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" I am very glad to till you, my dear Miss Geraldine, that every thing is settled as well as you could wish with regard to Laurence Trench and his family. The poor fellow, whin he hard of your bounty, as sint through my hands, popped down upon his knees, and invoked every blessing upon your head, while he blessed the day that he was seen begging by the road-side, and you going with Mr. Stratford Gore, and all the quality, to Kilmallock. He says, nothing but being out of work, and the favor, would have made him demean himself to do such a thing. His youngest girl, little Mary, is quite well, and has quite lost the perished look you rimimber. He has cleared and kept up your little garden, as you diricted, and set to work about bilding the dairy; and Mr. Mortimer gives plinty of work to a many poor craturs, and pirty it will be when yourself comes back, Miss Geraldine, that's the pirtiest thing in it, and the crame of all the rest. I hope you'll

excuse a joke; for you know, Miss, we will be always making fun, as is natural when it's peple we love: and Judy sinds her humble duty to you, and thanks you for the flannel; and every body wishes and prays

for

your return, Miss Geraldine, and says you are an angel sent among 'em to comfort 'em.”

The success of a scheme which had for its object to blend the pursuits of her elegant taste with her desire of benefiting the distressed, inspired our heroine with an unusual flow of spirits; she felt as if she deserved, in her turn, to be happy; and a secret whispering seemed to say, that, for this night at least, she should be so. Pleasure animated her rosy smiles, and gave renovated lustre to her eyes and complexion; she looked as she felt-all benevolence, sweetness, and love; and when to this was added the becoming effect of a dress the most tasteful and well-fancied, it is no wonder that, as she entered the ball-room, she ap

peared peared a divinity, armed at all points for conquest.

The first object that struck her eyes was the count di San Carlos, standing near the fireplace, in earnest conversation with lady Louisa Southwell.

“ The count brings us vexatious news," said her ladyship, turning quickly round to Geraldine; “ an engagement of a political nature deprives us, for this evening, of lord O'Melvyl's company. He requests permission to act as his substitute, and I have referred him to you for a decision."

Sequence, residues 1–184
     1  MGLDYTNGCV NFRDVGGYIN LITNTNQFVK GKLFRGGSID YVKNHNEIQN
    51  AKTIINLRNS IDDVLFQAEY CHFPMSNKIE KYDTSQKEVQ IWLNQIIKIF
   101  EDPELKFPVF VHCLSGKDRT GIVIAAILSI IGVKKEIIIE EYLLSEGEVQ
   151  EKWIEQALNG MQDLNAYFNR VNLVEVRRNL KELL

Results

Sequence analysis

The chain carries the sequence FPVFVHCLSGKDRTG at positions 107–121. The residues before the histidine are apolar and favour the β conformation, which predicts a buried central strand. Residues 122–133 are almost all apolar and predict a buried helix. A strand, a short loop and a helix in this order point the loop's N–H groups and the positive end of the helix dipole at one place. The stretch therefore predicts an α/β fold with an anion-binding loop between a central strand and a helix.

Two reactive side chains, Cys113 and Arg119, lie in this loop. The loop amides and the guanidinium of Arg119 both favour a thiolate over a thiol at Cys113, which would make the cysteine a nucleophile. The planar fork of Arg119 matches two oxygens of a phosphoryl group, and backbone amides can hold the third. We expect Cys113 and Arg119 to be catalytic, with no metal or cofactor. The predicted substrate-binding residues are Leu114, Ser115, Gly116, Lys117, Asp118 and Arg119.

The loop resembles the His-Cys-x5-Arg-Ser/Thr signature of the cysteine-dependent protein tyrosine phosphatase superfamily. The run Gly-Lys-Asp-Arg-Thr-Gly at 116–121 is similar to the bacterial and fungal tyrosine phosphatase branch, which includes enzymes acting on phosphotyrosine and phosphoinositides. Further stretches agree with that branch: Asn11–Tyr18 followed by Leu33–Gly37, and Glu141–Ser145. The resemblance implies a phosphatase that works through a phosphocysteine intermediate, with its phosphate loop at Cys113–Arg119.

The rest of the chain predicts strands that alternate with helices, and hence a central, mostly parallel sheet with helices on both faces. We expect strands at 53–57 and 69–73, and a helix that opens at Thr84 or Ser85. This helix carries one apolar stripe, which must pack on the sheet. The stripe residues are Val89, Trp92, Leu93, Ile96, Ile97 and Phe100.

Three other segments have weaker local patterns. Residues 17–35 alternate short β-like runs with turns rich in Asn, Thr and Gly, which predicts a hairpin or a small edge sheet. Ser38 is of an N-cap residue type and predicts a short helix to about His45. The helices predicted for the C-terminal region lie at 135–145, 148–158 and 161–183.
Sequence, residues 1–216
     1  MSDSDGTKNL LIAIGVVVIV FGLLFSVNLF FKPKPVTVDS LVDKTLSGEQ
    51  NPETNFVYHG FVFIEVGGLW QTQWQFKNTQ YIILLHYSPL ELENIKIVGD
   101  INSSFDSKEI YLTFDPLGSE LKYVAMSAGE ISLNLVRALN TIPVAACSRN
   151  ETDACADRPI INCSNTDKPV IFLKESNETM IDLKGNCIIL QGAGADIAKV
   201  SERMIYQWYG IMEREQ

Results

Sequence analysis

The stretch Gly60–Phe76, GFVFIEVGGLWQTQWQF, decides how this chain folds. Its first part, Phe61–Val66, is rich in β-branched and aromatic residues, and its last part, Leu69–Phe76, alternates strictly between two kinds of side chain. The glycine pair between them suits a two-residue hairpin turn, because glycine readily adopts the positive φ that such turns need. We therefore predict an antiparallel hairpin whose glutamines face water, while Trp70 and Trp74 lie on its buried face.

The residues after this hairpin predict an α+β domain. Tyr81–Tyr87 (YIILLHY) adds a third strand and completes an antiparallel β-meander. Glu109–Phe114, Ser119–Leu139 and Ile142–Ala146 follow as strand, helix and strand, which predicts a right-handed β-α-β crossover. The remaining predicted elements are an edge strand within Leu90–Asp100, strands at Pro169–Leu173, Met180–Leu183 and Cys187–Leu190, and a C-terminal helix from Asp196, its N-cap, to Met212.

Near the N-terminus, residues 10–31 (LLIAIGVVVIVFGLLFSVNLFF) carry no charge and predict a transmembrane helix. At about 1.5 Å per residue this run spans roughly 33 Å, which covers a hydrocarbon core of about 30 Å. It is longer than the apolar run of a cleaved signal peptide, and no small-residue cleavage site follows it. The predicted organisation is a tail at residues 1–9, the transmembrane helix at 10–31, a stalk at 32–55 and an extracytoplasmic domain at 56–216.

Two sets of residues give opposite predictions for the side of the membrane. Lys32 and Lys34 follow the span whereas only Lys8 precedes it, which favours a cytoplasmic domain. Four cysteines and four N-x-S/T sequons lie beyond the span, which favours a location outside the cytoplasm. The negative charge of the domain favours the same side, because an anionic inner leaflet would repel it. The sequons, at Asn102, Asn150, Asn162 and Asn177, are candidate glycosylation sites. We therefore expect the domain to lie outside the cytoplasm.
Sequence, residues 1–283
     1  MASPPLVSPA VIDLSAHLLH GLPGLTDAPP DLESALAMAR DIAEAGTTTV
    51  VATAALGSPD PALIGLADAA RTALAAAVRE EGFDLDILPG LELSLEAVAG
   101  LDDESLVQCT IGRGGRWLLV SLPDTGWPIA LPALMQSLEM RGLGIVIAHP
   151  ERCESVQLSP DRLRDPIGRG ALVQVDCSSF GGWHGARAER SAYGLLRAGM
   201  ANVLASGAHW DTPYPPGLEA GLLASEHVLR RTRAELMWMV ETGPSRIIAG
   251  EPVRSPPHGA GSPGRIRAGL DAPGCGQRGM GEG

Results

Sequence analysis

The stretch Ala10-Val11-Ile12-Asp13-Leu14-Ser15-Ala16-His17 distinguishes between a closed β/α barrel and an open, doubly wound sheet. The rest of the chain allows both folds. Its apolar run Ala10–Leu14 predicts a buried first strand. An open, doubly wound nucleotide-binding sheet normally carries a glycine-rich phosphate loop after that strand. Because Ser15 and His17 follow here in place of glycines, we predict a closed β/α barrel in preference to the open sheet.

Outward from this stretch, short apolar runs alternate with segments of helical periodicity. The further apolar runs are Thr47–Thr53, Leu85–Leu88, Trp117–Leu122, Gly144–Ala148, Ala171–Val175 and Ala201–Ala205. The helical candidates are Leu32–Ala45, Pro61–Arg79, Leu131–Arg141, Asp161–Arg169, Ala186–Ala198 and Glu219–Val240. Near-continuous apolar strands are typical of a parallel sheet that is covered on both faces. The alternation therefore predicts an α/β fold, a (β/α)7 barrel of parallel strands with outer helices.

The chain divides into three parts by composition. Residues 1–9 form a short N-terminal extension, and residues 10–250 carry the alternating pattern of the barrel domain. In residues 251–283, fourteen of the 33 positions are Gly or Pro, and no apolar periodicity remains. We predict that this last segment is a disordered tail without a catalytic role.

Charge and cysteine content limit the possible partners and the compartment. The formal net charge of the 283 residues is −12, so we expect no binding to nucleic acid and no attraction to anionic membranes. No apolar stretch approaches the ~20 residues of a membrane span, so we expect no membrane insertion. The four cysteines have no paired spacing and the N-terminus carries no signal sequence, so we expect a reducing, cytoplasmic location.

San Carlos now fixed his dark, piercing eyes on Geraldine, and, in his foreign manner, bowed profoundly. He added something, in a low voice, about the honour to which lady Louisa permitted him to aspire; and Miss Southwell, from mere inability to answer him, returned his bow in silent acquiescence. Never had a trifling incident só entirely disconcerted her; but, to Geraldine, it did not appear tri

fling. Since overhearing the mysterious conversation at Howth among the rocks, all the prejudices infused into her mind against San Carlos originally by O'Melvy! himself recurred to it with redoubled force. The slight appearance of goodwill she had sometimes been induced to entertain towards him vanished; and in its place, a secret, undefined, resistless dread seized on her spirits whenever the son of Fiorenza approached her. Her intended partneris excuse seemed to her an insufficient one; she felt as if some other cause detained him; and had she given utterance to her thoughts, or rather to her feelings, would, perhaps, in hurried accents, have demanded of San Carlos to give her back O'Melvyl.

The ball passed off totally without pleasure to Geraldine; but she was not, on that account, forgetful of her duty, as the assistant, and, in part, the representative of lady Louisa. No one had reason to complain of being dissatisfied on that night,

but

but the gentle and graceful being who gave satisfaction to all.

In the course of conversation with San Carlos, she could not avoid once expressing, in an indirect manner, some expectation of seeing O'Melvyl on the morrow. San Carlos, with a slight change of countenance and hesitation, replied—“I believe not;" and this answer, so simple and so brief, struck her imagination with the force of a prophecy.

Retired to the solitude of her own chamber, Geraldine found it in vain to think of rest; all the gay visions of the preceding part of the evening came, in strong contact with the dreamings of the reality, and she felt conscious that, in fancy, she had staked, on the possible occurrences of those few short hours, a great portion of the felicity of her future life. Geraldine was amazed that she did not make this discovery sooner; but the fact was, for several weeks past, the pulse of hope had beat so languidly in her bosom,

that

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